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< Contents ERCIM News No. 63, October 2005

Telephony over IP: Experience and Challenges

by Laurent Burgy, Charles Consel, Fabien Latry, Nicolas Palix and Laurent Réveillère

Telephony over IP (ToIP) makes it possible to program telephony platforms that have long been kept closed and proprietary. As new services are developed that enrich telephony with complex features such as database access, Web service invocation, and agenda look-up, the telephony platform is increasingly exposed to software bugs. Because telephony is heavily relied on, the success of its evolution to IP critically depends on the reliability of services.

SIP (Session Initiation Protocol) - a protocol for Telephony over IP - is at the forefront of the rapid emergence of ToIP. It was standardized by the IETF and adopted by the ITU; it is used as the underlying signalling protocol for 3G/UMTS mobile systems and various communication tools running under Unix and Windows. Besides telephony, SIP supports other forms of communication: Internet conferencing, presence, event notification and instant messaging. SIP implementations are available for a variety of devices including desktop computers, wired and wireless phones and PDAs.

A SIP platform is based on a client-server model and consists of a signalling server performing telephony-related operations. In addition, service logic is executed by an application server and can access resources from the computer network such as Web resources, databases and agendas. This evolution brings a host of new functionalities to the domain of telephony, which in turn enables telephony to be customized with respect to the preferences, trends and expectations of ever more demanding users.

Challenges for Service Development
The open nature of an SIP platform makes it possible for a wide range of developers to write telephony services. Yet, telephony is as heavily relied on as water and electricity. As telephony platforms become programmable by any developer, they become less reliable. A lack of reliability may disrupt or even crash a service or the entire platform. Furthermore, to create a service, a developer should have extensive expertise in the telephony domain, SIP and related protocols, distributed programming, networking, and SIP APIs.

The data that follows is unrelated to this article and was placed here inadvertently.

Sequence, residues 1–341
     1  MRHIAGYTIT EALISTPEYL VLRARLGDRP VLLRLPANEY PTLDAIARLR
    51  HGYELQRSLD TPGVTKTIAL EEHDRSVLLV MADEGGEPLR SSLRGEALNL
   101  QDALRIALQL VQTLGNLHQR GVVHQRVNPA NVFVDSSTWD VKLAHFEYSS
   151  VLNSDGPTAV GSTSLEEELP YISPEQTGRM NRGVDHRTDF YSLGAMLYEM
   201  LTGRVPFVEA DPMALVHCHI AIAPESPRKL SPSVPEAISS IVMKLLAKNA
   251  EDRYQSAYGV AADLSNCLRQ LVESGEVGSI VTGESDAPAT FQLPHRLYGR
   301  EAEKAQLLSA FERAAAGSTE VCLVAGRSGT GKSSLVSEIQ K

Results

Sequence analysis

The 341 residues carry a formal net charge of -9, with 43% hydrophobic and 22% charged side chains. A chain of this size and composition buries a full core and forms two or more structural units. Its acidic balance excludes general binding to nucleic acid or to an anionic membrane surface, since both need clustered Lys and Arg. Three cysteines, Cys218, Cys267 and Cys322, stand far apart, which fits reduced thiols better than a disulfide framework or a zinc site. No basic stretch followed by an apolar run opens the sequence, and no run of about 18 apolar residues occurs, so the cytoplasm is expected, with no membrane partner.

The TelIP Project
The Phoenix research group at INRIA Futurs/LaBRI/ENSEIRB in Bordeaux is developing a software engineering approach to producing programs whose reliability is guaranteed with respect to critical properties of a given domain. This approach relies on the development of Domain-Specific Languages (DSL),which ease program development without sacrificing safety. Phoenix has been studying the DSL approach in the context of communication services.

We have deployed an SIP platform named TelIP at ENSEIRB, a graduate engineering school of information and communication technologies to which the group is affiliated. TelIP interfaces with the PABX (Private Automatic Branch eXchange) of ENSEIRB, allowing IP terminals to call anyone either inside or outside the school. Because ENSEIRB provides Wi-Fi, terminals can be wired or wireless, enabling longer-range mobility than conventional wireless telephony systems. TelIP already has two dozen users at ENSEIRB and the number is growing fast.

The group has developed an application server allowing telephony services to be deployed on TelIP. The server functionalities include the binding of a user to one or more services. This binding allows an incoming or outgoing call to be handled by the service logic of the corresponding user, enabling a wide variety of customizations.

To ease the development of telephony services, we have designed and implemented a DSL known as SPL (Session Processing Language). This language offers domain-specific constructs and extensions that abstract over the intricacies of the underlying technologies. By design, SPL guarantees critical properties, far beyond the reach of general-purpose languages such as Java or C++. Examples of errors detected in services include call loss, incorrect state transitions, and unbounded resource usage.

To enable non-programmers to define services, a graphical, simplified version of SPL has been developed. This version of SPL offers intuitive visual constructs and menus that permit users to quickly develop a wide variety of services ranging from simple redirection to agenda-dependent call handling.

To validate SPL, rich telephony services are being developed. In particular, one service is dedicated to handling calls to the telecommunications department of ENSEIRB. If the department secretary is already on the phone, this service queues incoming calls. An estimated waiting time is periodically computed and played to the waiting callers. Furthermore, the availability of the secretary is automatically updated, thanks to the user status managed by SIP. If the secretary on duty is unavailable, calls are redirected to an alternative secretary. In the context of a conventional telephony platform, such a service would typically need to be written by a third-party application developer who has been certified by the PABX manufacturer. As a result of this development model, telephony service creation has been anecdotal and the cost has been prohibitive.

In the future, the goal is to significantly increase the base of TelIP users. ENSEIRB consists of more than 700 students and 140 faculty and staff members. Enabling users with different skills and interests to succeed in developing the services they envision is a real challenge. Doing so without compromising the robustness of the platform is a key step toward validating the platform and the language.


Please contact:
Charles Consel
Tel: +33 5 40 0035 19